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Author:Pastor Keith Davis
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Congregation:Bethel United Reformed Church
 Calgary, Alberta
 www.bethelurc.org
 
Title:The Light Shining in the Darkness
Text:Mark 5:1-20; text 1-10 (View)
Occasion:Reformation Day
Topic:Christ's gathering work
 
Preached:2021-10-31
Added:2021-11-06
 

Order Of Worship (Liturgy)

Trinity Psalter Hymnal #46B, 433, 244, 265 

* As a matter of courtesy please advise Pastor Keith Davis, if you plan to use this sermon in a worship service.   Thank-you.


A Light Shining in the Darkness

Beloved congregation of our Lord Jesus Christ, in know that my sermon title this morning -- A Light Shining in the Darkness’ sounds more like a Christmas sermon than a Reformation Day sermon. But I chose that title because of the nature of the confrontation we see in our text. Here, in the Person of God’s Son Jesus Christ, the Light of the Gospel breaks forth in the most unlikely place, to perhaps the most unlikely person. After darkness, there is light.

 

I also chose this title because of its connection to the Protestant Reformation. The Reformation was spear headed by godly men like Martin Luther and John Calvin. It was their tireless preaching and teaching of the truths of the Gospel that sparked the fires of the Reformation that revived a church that was living in an age of darkness. Those Reformation fires still burn brightly today – and have for over 500 years. After darkness, there is light.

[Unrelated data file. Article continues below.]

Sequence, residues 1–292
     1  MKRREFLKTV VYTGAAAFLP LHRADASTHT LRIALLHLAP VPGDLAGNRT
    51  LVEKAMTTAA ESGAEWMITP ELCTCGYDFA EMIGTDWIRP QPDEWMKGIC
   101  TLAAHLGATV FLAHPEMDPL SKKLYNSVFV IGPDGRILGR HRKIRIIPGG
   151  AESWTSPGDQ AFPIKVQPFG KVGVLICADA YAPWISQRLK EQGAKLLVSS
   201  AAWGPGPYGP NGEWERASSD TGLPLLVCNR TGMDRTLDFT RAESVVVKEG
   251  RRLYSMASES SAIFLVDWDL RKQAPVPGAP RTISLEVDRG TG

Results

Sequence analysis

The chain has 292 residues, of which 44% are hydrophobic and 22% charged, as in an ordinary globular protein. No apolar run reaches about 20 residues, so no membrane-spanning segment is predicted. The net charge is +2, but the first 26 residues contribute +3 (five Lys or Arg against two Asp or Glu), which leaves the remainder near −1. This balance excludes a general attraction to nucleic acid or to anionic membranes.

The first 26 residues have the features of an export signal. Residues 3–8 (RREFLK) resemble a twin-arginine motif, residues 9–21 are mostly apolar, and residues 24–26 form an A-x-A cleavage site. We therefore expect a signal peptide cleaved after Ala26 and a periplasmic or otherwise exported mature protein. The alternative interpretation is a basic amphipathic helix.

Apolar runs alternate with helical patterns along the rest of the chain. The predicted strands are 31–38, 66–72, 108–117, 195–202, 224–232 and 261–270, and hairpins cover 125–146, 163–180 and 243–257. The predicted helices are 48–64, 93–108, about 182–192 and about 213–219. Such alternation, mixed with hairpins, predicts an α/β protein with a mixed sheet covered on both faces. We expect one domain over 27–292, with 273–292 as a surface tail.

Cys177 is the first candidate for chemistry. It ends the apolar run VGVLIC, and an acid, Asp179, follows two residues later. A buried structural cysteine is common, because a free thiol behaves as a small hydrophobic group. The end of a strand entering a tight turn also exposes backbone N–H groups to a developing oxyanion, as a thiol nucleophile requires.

Finally, I chose that title because today is also called Halloween. This is a day that is celebrated by millions of people all over the world – by many Christians as well. Yet, very few really know (and very few actually agree upon) what this day is all about.

 

But clearly, Halloween is associated in some way with the power of evil and darkness; with the dead and even the undead; with ghosts and graveyards, with vampires and werewolves. And if anyone has watched any television over the past month, then you know that some TV channels have been televising every monster movie or horror movie that has ever been made.

 

And to one extent or another, all those movies are designed to do the same thing: to frighten us, to show us the face of evil; to shock us. And of course, they try to make each movie more frightening than the last. And each evil villain is made to be more evil and sinister and deadly than the last.

 

But what I want you to see today from Mark 5 is that this is the real face of evil. This is what evil looks like. This is not fiction. This is not some man-made horror story. Jesus is not walking in a “Halloween Haunted Grave-yard” with artificial fog and spider webs and scary sound effects; with fake tombstones and a pretend monster prowling about. No. Jesus is walking around in a real graveyard; he is surrounded by death and darkness. And in the person of this demon possessed man, Jesus is confronted by the presence of evil such that no movie producer could even imagine.